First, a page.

Kevin Wilson doesn’t want to suggest that the quarterback competition is over yet, but he continues to imply that sophomore Tre Roberson is winning the job and responding to the competition in exactly the way he wants him to.
All offseason, Wilson has talked about Roberson maturing into more of a pocket passer and learning to read defenses and make better throws. That’s apparently happened mostly to his satisfaction.
“I don’t know if anything’s settled,” Wilson said. “We still have to keep performing. But the thing I do like, contrary to other guys, he is the first guy here that’s a pretty good player who has embraced the challenge of the competition, and he’s competed. … There’s very good competition at quarterback. Tre’s fighting in a great way. To be a program that needs to start playing at a better level, I keep talking about those senior D-tackles. Give us more. Don’t just be the first guy jogging on the field. Will Matte is a senior that’s giving us more. That’s great to see. Tre is really decent. He’s gotten a lot better in the passing game, but he’s really embraced the competition. In building our program, this is one of the few times I’ve said, ‘That’s what it looks like if you’re a good player and you keep fighting.’ I’d like to see some other guys keep learning to do that. We’ll see if they do.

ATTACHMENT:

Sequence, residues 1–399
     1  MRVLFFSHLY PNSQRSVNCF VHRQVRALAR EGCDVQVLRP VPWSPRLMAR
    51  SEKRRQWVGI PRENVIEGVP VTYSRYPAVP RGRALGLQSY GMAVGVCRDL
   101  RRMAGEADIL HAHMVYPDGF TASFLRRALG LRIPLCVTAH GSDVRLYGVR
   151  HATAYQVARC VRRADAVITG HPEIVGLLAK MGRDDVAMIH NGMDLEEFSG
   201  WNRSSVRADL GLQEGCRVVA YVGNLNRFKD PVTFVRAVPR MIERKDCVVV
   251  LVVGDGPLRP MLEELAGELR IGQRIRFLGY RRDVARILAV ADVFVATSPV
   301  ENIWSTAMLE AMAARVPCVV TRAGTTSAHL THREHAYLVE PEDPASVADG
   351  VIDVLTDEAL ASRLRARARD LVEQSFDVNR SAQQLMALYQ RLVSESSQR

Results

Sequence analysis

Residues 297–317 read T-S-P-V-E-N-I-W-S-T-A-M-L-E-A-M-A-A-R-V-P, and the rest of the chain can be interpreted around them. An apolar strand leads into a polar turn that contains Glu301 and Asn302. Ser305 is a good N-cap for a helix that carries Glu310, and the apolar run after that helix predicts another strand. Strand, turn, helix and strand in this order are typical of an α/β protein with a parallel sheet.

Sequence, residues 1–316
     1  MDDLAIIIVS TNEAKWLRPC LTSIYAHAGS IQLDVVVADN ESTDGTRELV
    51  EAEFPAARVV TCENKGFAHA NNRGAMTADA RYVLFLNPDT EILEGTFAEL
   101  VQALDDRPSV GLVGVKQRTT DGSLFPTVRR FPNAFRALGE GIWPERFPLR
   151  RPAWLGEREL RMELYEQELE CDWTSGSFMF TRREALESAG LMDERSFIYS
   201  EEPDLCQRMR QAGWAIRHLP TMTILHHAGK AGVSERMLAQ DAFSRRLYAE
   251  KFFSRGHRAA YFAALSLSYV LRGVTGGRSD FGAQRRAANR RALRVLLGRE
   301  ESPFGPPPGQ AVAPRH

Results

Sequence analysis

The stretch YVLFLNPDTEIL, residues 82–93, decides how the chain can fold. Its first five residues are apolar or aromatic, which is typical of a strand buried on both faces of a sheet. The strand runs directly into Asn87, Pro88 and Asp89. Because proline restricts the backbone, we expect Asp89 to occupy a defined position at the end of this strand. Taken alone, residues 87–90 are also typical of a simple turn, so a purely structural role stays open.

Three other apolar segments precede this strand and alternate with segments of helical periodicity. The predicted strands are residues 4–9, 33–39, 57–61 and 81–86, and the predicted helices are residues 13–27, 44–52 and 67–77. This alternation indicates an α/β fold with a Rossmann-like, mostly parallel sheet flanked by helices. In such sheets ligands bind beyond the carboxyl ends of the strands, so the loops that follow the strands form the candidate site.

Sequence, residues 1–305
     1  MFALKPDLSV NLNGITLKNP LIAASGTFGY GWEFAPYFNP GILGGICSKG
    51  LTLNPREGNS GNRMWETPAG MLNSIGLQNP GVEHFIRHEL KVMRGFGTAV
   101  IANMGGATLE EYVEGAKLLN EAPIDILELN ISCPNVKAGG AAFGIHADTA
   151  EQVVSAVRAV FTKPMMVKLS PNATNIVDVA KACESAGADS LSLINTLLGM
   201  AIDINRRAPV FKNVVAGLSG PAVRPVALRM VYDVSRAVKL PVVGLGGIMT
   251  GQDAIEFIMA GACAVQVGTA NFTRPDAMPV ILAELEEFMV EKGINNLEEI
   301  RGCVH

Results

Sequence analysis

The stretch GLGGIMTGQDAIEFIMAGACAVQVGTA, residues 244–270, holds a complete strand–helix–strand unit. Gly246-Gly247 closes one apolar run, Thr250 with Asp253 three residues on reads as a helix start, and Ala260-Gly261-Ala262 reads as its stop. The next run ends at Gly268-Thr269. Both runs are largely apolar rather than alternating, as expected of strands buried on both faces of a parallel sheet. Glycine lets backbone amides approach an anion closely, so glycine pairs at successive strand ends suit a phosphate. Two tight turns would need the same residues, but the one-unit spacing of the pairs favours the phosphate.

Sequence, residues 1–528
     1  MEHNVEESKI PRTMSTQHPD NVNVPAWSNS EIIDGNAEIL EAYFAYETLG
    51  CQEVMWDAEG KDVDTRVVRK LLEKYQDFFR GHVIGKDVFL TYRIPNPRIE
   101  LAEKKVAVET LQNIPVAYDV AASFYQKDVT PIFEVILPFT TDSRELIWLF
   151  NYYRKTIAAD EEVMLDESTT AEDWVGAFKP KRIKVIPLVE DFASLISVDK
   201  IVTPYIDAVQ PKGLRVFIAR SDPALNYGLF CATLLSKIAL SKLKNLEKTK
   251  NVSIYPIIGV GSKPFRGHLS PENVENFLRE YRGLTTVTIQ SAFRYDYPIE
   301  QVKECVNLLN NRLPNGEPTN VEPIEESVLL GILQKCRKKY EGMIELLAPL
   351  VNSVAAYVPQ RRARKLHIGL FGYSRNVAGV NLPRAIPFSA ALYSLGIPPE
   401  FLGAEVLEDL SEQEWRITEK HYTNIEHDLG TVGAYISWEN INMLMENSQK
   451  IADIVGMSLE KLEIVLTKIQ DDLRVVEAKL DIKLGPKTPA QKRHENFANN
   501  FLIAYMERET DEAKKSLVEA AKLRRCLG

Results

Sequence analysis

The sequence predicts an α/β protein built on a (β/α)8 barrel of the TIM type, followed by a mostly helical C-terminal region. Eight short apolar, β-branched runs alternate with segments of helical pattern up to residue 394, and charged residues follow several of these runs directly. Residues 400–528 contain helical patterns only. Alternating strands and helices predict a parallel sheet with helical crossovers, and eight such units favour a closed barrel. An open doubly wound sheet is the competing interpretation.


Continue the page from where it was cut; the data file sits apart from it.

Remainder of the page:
One player he’d like to see fight more is junior tailback Stephen Houston. Though Houston had the best offensive season of any of the Hoosiers last season with 802 yards rushing and eight touchdowns, Wilson said he’s actually losing ground to sophomores D’Angelo Roberts and Isaiah Roundtree and freshman Tevin Coleman. Roundtree has missed a few days with a concussion, Wilson said, but Roberts and Coleman have been spending more time with the first team.
“Stephen Houston might be third or fourth,” Wilson said. “D’Angelo was out there first the other night, and he was out there first all week. Tevin Coleman was second. That’s good competition. But I don’t think Stephen was embracing it like Tre.”
– Senior defensive tackle Nicholas Sliger suffered an injured knee in a closed scrimmage on Friday night, but Wilson said it wasn’t as bad as the Hoosiers initially expected.
“We kinda got lucky because it kinda got rolled up,” Wilson said. “But he doesn’t have any damage as far as cartilage, ligaments, surgery, but he’s kinda got a pretty nasty little bone bruise deal. We’ll see as it goes. Is it a week, two, three. It’s going to be a motion, movement, deal and a pain tolerance deal. It’s not really surgical, and it’s not really a rehab, it did swell up on him. He might have had a little sublex of a patella, they really don’t know, because it was in place. But there’s no cartilage, no ligament, no surgery.We’ll see. Hopefully, he says a week or two. We’ll see.”